“Could you please put the bread in a paper bag and not a plastic bag?”
The local bakery I go to has both paper and plastic available, but their default is to use the plastic bag. If I am caught up in my thoughts rather than present and aware, I end up with another plastic bag (to add to the bag full of plastic bags that I have in the cupboard for re-use). I have a strong intention to minimise the size of my ecological footprint. In turning that intention into action, mindfulness can help. To make environmentally friendly choices we need to be present and aware that there is a choice point and that we don’t have to accept the business as usual model. Commerce has its own values and practices – many of which are inconsistent with caring for the planet. To interrupt these practices (such as the automatic use of plastic bags) we need to be aware in the moment and remember our own values. We need our attention to be in the present moment, not on the ‘to do’ list or checking the news feed.
An important role of mindfulness is to help us respond more skilfully to our desires. Desires can arise from internal needs such as hunger, companionship and acceptance. They can be triggered by an external stimulus, such as a picture of a delicious meal or an anxiety provoking message, “Only 5 left – buy NOW!” Desires can be manipulated by others and can be satisfied in a variety of ways. Mindfulness supports us to pause and take into consideration the environmental impact of acting on our desires, rather than automatically reacting to satisfy it. Restraint is not sexy in the 21st century and yet it is a core capacity for living sustainably. Just because we want something does not mean that it is a good idea to fulfil the desire. Let’s look at something as simple as drinking a can of soft drink to quench one’s thirst rather than a glass of water from the tap. Each can of soft drink has embedded in it carbon emissions from the manufacture, transport and refrigeration of the product. It has environmental impacts from bauxite mining for the aluminium can and environmental impacts of dealing with the packaging, not to mention unhealthy amounts of sugar. And yet it tastes so good. It is no accident that we desire the sweet fizzy option. (For more on the ways food scientists ensure we keep buying junk food – read this.)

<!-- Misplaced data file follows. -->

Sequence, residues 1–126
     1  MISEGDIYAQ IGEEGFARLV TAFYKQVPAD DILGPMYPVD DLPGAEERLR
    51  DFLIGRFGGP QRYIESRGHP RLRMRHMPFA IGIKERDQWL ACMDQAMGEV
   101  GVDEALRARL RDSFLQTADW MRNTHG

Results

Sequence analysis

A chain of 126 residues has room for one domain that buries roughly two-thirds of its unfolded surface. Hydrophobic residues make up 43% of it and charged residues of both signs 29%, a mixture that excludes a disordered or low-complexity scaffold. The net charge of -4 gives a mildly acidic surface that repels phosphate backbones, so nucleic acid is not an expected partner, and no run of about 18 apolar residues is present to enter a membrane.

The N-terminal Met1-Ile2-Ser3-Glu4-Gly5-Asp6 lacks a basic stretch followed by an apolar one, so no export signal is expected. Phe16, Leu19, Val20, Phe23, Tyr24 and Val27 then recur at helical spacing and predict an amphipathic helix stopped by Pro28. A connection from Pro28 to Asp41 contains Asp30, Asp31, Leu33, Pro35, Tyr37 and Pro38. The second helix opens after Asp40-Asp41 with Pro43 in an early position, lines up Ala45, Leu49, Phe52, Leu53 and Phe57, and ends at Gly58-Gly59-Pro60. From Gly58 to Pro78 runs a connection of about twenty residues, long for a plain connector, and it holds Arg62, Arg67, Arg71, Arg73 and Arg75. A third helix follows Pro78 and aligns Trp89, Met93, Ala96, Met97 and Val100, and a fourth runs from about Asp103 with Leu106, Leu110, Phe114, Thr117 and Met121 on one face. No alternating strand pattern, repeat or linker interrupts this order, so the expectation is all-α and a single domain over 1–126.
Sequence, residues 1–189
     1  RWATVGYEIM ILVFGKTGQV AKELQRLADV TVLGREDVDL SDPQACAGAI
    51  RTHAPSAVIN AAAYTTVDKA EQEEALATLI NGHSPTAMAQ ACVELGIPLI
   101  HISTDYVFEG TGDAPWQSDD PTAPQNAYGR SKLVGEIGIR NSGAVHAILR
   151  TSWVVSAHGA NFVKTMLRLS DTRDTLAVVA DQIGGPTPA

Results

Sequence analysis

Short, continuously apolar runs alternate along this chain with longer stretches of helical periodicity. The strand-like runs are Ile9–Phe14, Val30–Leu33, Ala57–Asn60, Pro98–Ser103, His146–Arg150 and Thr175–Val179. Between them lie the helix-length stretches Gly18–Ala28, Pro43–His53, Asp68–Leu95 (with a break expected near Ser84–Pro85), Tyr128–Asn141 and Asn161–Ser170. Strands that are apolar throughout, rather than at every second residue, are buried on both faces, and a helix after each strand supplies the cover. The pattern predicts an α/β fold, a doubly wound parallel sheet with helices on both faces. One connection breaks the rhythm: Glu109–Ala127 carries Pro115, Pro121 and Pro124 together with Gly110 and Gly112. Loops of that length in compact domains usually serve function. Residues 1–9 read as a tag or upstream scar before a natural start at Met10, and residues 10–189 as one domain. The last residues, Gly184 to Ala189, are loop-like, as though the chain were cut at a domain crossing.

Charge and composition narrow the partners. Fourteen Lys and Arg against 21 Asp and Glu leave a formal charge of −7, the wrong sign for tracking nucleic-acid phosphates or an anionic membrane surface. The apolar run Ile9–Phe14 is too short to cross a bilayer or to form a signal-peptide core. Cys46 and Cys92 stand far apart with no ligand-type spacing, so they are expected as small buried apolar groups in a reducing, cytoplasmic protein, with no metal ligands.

Mindfulness is a great ally here. It supports us to feel the impulse to grab a soft drink, sit with it, pause, reflect on the environmental impact of the option, and choose an alternative that is healthier for both the planet and the human body. Many habits that are now unhealthy for us and the planet, are hard-wired into us due to an evolutionary history where survival was enhanced through consumption of fat, salt and sugar, pursing novelty, and the avoidance of discomfort. Mindfulness practice teaches us to move out of automatic pilot, see our habitual patterns and pause before acting on them. It isn’t a quick fix and requires perseverance.
All this assumes that we care about others and the planet, and it seems that we do (check out the research). To be compassionate to the planet, the other beings that inhabit the planet and to future generations of humans, we need to have a wise relationship with our own desires and to clearly see the ways that our desires are manipulated by businesses whose profits are based on us continuing to consume more and more.
Writing this, I am aware that I am guilty of sitting in a glass house throwing stones. Time and again I fail to act in a way that meets the intention I have to live more sustainably. Flying is a current source of this guilt and I applaud Greta Thunburg for eschewing air travel altogether. Rather than travel more when I retire, I am committed to travel less. When I make choices with a negative environmental impact, I get a prick of guilt. Mindfulness helps me to acknowledge the discomfort of the guilt – rather than hide it under a packed of Tim Tams or avoid it by distracting myself with on-line shopping or… Guilt is a useful emotion to explore. It tells me that in some way I am in conflict with the values I hold. Rather than unleashing a reactive self-judgement which can be demotivating, bringing a curious attention to the guilt is healthy. By welcoming the message of the guilt, it supports greater motivation to try and do better next time. Mindfulness helps me manage the challenging emotions of all these choices in a way that keeps me engaged rather than hopeless.
Dr Kathryn Choules is a certified instructor of Mindfulness Based Stress Reduction from the University of Massachusetts and a Senior Teacher of Meditation (Meditation Association of Australia). She has been offering mindfulness programs, workshops, training and retreats in Western Australia since 2013. With many years’ experience in government, academia and the community sector, both in Australia and overseas, she understands the challenges and benefits of finding calm amidst the storm of modern living and the modern workplace.